Since thoughts create beliefs, which then create behaviors, negative thoughts can undermine you right into a standstill. But, there’s a way to stop negative thoughts right in their tracks. All it takes is challenging them with seven direct questions, starting with: Says Who?
Healthy Lung Month: How to Keep Your Body Breathing

Healthy Lung Month: How to Keep Your Body Breathing

Written by Sarah Wallace, Mesothelioma + Asbestos Awareness Center
on Wednesday, 12 October 2016

On average, a person takes approximately 17,000-23,000 breaths a day. The number varies based on several factors, including a person’s lifestyle and environment. 

This statistic proves just how important the lungs are. You are constantly using them to fuel the rest of your body.

Lungs act at the first point of contact for oxygen as it enters the body. From there, oxygen is dispersed throughout the bloodstream, being carried to cells throughout the body. Each cell transfers carbon dioxide when it receives oxygen. The blood carries the carbon dioxide back to the lungs where it is removed through exhaling. This gas exchange is necessary for everyday functioning.

In order to keep this process going, it’s crucial to keep your lungs healthy. Lung-related health complications can negatively affect the oxygen flow to your cells, along with a variety of other body processes. These ailments vary from viruses and colds to chronic conditions and lifelong sickness and cancer. Certain lung conditions can be hereditary, or caused by genetics. Such conditions include asthma, cystic fibrosis, and chronic obstructive pulmonary disease (COPD). 

However, certain lung conditions are non-inheritable; that is, caused by environmental and lifestyle factors. While not always 100% preventable, these conditions can be avoided.
Living with Knee Arthritis? Tips to Stay Active & Reduce Pain

Living with Knee Arthritis? Tips to Stay Active & Reduce Pain

Written by Dr. Jan Szatkowski
on Wednesday, 12 October 2016

Many of my patients tell me that they can’t be active because of arthritis. This leads to a domino effect of decreased activity, increased weight, and finally, worsening pain. 

Arthritis does not mean that an active lifestyle must be stopped. Rather, a diagnosis of arthritis should be looked at as an invitation to change your routine and explore new stretching and exercise options that will allow you to stay fit while reducing the pain triggered by your osteoarthritis. 

There is no doubt that the pain can become severe at times. However, the right amount of exercise along with the right type of exercise can actually help ease the pain and discomfort.
Are You Working Out Right? 5 Common Mistakes

Are You Working Out Right? 5 Common Mistakes

Written by Chris Ruden
on Monday, 10 October 2016

You’ve been working out for some time, but you’re not getting the desired results. 

That’s probably because you’re not doing it right. 

Whether your goal is weight loss, muscle toning, or general fitness, certain workout mistakes could be getting in your way of progress.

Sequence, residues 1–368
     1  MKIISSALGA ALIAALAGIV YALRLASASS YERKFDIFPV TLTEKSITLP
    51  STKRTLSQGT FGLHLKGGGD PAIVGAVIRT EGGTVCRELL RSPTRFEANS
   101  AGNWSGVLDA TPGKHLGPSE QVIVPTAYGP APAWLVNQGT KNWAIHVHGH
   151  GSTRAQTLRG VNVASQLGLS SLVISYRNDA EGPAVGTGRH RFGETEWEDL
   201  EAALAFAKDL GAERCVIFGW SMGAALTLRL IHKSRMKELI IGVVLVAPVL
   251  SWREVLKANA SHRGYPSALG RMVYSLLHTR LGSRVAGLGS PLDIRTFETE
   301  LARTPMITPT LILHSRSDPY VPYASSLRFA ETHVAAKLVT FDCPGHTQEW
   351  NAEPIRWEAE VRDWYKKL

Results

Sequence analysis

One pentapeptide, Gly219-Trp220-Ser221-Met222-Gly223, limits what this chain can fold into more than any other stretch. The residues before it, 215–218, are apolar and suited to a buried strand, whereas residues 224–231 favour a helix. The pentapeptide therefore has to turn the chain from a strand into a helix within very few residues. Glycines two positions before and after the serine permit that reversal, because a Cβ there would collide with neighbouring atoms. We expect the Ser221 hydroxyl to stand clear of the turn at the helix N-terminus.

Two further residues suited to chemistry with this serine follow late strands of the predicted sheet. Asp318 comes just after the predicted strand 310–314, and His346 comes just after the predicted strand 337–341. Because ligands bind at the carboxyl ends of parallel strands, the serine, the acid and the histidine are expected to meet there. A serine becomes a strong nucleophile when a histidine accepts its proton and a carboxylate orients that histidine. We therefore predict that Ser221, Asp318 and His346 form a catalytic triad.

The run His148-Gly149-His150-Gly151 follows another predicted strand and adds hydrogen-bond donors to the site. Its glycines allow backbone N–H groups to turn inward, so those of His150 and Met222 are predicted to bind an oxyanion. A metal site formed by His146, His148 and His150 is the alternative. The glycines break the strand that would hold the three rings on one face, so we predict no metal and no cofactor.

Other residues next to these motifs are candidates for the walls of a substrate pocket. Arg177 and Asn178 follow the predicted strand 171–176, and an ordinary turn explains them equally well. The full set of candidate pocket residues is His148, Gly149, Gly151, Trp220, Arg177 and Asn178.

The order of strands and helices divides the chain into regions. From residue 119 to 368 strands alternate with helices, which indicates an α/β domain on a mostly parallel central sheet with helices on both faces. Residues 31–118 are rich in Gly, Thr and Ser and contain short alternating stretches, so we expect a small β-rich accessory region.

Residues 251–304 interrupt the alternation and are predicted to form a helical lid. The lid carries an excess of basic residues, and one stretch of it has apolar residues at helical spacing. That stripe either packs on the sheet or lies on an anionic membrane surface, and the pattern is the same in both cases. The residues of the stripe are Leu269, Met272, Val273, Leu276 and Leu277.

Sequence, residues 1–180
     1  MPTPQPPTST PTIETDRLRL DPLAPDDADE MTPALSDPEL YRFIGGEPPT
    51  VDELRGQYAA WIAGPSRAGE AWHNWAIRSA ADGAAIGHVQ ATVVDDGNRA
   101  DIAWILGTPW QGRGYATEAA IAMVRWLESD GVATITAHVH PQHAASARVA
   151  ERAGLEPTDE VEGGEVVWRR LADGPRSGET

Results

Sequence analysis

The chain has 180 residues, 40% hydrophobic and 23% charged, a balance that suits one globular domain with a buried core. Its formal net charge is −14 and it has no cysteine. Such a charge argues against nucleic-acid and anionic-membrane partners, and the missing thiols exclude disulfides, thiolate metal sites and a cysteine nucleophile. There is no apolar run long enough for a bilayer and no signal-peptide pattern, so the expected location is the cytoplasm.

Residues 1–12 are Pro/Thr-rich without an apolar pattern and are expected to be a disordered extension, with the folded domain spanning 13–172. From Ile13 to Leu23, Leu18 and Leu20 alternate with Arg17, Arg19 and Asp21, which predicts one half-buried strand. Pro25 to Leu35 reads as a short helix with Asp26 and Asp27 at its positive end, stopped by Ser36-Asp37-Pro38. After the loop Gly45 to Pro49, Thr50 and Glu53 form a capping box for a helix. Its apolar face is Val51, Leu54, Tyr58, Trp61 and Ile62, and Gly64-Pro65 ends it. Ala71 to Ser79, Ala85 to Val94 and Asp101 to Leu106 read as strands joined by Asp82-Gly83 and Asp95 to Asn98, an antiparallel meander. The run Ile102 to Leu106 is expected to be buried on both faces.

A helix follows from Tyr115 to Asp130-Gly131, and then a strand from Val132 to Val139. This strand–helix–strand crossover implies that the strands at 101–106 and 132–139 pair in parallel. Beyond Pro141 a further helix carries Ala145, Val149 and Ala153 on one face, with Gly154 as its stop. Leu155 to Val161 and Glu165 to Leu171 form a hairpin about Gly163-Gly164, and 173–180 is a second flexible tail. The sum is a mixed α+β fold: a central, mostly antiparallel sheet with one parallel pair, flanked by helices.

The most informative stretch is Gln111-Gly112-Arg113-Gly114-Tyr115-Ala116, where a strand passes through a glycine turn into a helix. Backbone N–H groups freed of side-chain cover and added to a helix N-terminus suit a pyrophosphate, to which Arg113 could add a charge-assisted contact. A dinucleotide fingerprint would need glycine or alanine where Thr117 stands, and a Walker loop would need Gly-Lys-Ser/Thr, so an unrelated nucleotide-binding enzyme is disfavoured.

Are you making some of these common workout mistakes? Find out how you can solve the issue and gain optimum results from your workouts.
Specific Nutrients Can Help Save a Woman’s Heart

Specific Nutrients Can Help Save a Woman’s Heart

Written by Dennis Goodman, MD, FACC, FACP, FCCP
on Friday, 30 September 2016

Two new studies published in the Journal of the American College of Cardiology confirm that women under the age of 55 are often left in the dark when it comes to knowing the risk factors of heart disease. 

And, these women are less likely to receive life-saving procedures to open clogged heart arteries compared to their male counterparts.

Researchers are perplexed about this trend, noting that it’s possible that heart disease awareness and prevention efforts are more focused on men because of the belief that heart disease is more of a men’s issue. 

Another possibility is that prevention methods are not being communicated effectively to women, or that women may describe their symptoms in a way that is being misinterpreted by doctors and nurses.
Power of Concentrated Cranberries for Unusual UTIs

Power of Concentrated Cranberries for Unusual UTIs

Written by Sherry Torkos, BScPhm, RPh
on Thursday, 29 September 2016

Urinary tract infections are one of the most common bacterial infections in the developed world.

Now, the bacterium that causes UTIs are showing up in some unexpected places, including our grocery stores’ meat and poultry sections. 

It’s an alarming fact that only adds to the exasperation of the nearly 60 percent of women who experience painful UTI symptoms annually.
Depression & Family: Support is Needed for All

Depression & Family: Support is Needed for All

Written by Brandy Schmidt
on Monday, 26 September 2016

I’m not a gambler. In fact, I would be the first one to tell you that I would never last on the game show “Deal or No Deal.” As soon as the first offer was given, I would hit the red button and be done. 

Yet, every day around 5:00 p.m. I find myself having an inner battle and betting the odds in terms of what I will find walking into my home.

You see, my husband has depression. Not the occasional, “I’m having a bad day” depression but the full-blown “I can barely function” depression, or as his psychologist and psychiatrist label it, “severe depression and high anxiety.” It didn’t start this way, and truthfully I’m not sure how we got here. I say “we” because while he may the one with the disease, I feel like I am the one suffering through it.